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During productive herpes simplex virus type 1 (HSV-1) infection, a subset of viral delayed-early (DE) and late (L) genes require the immediate-early (IE) protein ICP27 for their expression. However, the cis-acting regulatory sequences in DE and L genes that mediate their specific induction by ICP27 are unknown. One viral L gene that is highly dependent on ICP27 is that encoding glycoprotein C (gC). We previously demonstrated that this gene is posttranscriptionally transactivated by ICP27 in a plasmid cotransfection assay. Based on our past results, we hypothesized that the gC gene possesses a cis-acting inhibitory sequence and that ICP27 overcomes the effects of this sequence to enable efficient gC expression. To test this model, we systematically deleted sequences from the body of the gC gene and tested the resulting constructs for expression. In so doing, we identified a 258-bp “silencing element” (SE) in the 5′ portion of the gC coding region. When present, the SE inhibits gC mRNA accumulation from a transiently transfected gC gene, unless ICP27 is present. Moreover, the SE can be transferred to another HSV-1 gene, where it inhibits mRNA accumulation in the absence of ICP27 and confers high-level expression in the presence of ICP27. Thus, for the first time, an ICP27-responsive sequence has been identified in a physiologically relevant ICP27 target gene. To see if the SE functions during viral infection, we engineered HSV-1 recombinants that lack the SE, either in a wild-type (WT) or ICP27-null genetic background. In an ICP27-null background, deletion of the SE led to ICP27-independent expression of the gC gene, demonstrating that the SE functions during viral infection. Surprisingly, the ICP27-independent gC expression seen with the mutant occurred even in the absence of viral DNA synthesis, indicating that the SE helps to regulate the tight DNA replication-dependent expression of gC.
Herpes simplex virus type 1 (HSV-1) is a widespread human herpesvirus that is responsible for several clinically important diseases, including recurrent orolabial lesions, corneal blindness, and encephalitis (46). As HSV-1 is quite readily studied in the laboratory, this virus also serves as a useful model to investigate the fundamental mechanisms used by herpesviruses to replicate in their host cells. One active area of HSV-1 research is studying how the virus regulates the expression of its ~80 genes during productive infection (reviewed in reference 37). During such infections, viral gene transcription is mediated in the cell nucleus by the host RNA polymerase II (Pol II). Expression of the viral genes occurs in a temporally regulated cascade in which the five viral immediate-early (IE) genes are expressed first, followed by the delayed-early (DE) and finally the late (L) genes. Transcription of IE genes occurs soon after infection and does not require the synthesis of any new viral proteins. In contrast, expression of the ~75 DE and L genes is strongly dependent on the synthesis of viral IE proteins, four of which (ICP0, ICP4, ICP22, and ICP27) are known regulators of gene expression. ICP4 is particularly important for expression of DE and L genes; in its absence, DE/L transcription does not proceed efficiently, and viral mRNA levels are drastically reduced (5, 8, 52). ICP27 also stimulates DE/L gene expression, but unlike ICP4, it is differentially required among the DE/L genes (23, 33, 38). Some, such as the L gene encoding gC (33), are highly dependent on ICP27, while others are moderately or weakly dependent (47, 49). At least one DE gene, that encoding the single-stranded DNA-binding protein ICP8, is expressed independently of ICP27 (35, 49).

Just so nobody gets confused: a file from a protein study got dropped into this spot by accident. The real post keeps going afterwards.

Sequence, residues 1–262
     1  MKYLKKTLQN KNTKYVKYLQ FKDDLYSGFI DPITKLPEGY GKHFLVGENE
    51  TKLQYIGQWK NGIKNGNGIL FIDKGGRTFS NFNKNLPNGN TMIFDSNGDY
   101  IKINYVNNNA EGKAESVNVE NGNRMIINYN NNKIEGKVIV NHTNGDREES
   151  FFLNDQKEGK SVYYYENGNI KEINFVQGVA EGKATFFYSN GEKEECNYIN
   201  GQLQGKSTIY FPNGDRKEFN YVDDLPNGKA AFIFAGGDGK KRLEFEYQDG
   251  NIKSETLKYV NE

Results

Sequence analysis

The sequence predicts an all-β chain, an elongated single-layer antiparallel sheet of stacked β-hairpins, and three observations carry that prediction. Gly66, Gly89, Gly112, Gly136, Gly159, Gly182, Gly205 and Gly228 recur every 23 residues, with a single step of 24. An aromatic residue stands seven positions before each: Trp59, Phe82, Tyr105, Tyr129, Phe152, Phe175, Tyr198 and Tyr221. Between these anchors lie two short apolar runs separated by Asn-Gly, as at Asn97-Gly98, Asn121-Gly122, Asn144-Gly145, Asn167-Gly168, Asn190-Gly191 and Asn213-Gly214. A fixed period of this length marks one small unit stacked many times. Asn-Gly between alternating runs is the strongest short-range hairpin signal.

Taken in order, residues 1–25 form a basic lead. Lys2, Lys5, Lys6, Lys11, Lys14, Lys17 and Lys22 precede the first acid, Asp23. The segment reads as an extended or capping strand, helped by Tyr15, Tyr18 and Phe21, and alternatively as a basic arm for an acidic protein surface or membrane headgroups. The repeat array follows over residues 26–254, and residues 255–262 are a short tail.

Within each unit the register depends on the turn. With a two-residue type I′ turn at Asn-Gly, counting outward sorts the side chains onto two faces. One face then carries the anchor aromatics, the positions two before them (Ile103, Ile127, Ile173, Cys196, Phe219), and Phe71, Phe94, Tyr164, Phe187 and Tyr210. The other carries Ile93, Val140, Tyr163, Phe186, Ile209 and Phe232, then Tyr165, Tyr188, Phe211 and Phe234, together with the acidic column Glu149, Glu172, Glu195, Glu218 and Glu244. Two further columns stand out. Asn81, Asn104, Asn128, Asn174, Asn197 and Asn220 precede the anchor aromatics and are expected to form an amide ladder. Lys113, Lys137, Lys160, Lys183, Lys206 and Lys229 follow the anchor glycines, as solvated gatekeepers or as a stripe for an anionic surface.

The mechanism or mechanisms by which ICP27 stimulates expression of DE/L genes is not clear. A leading model is that ICP27 promotes DE/L gene expression by stimulating the export of viral mRNAs from the nucleus to the cytoplasm (19, 40, 41, 44). Viral DE/L genes may require such a factor, since they are predominantly intron-less and thus do not have access to the major pathway for cellular mRNA export, in which export is linked to pre-mRNA splicing (20). ICP27 has several properties that are consistent with a possible role as an mRNA export factor: it binds RNA (15, 28, 40), shuttles between the nucleus and cytoplasm (27, 40), and interacts with the Aly and NXF1 components of the cellular mRNA export system (2, 3, 19). Moreover, it promotes mRNA export in microinjected Xenopus oocytes (19) and HSV-1-infected mammalian cells (3, 40).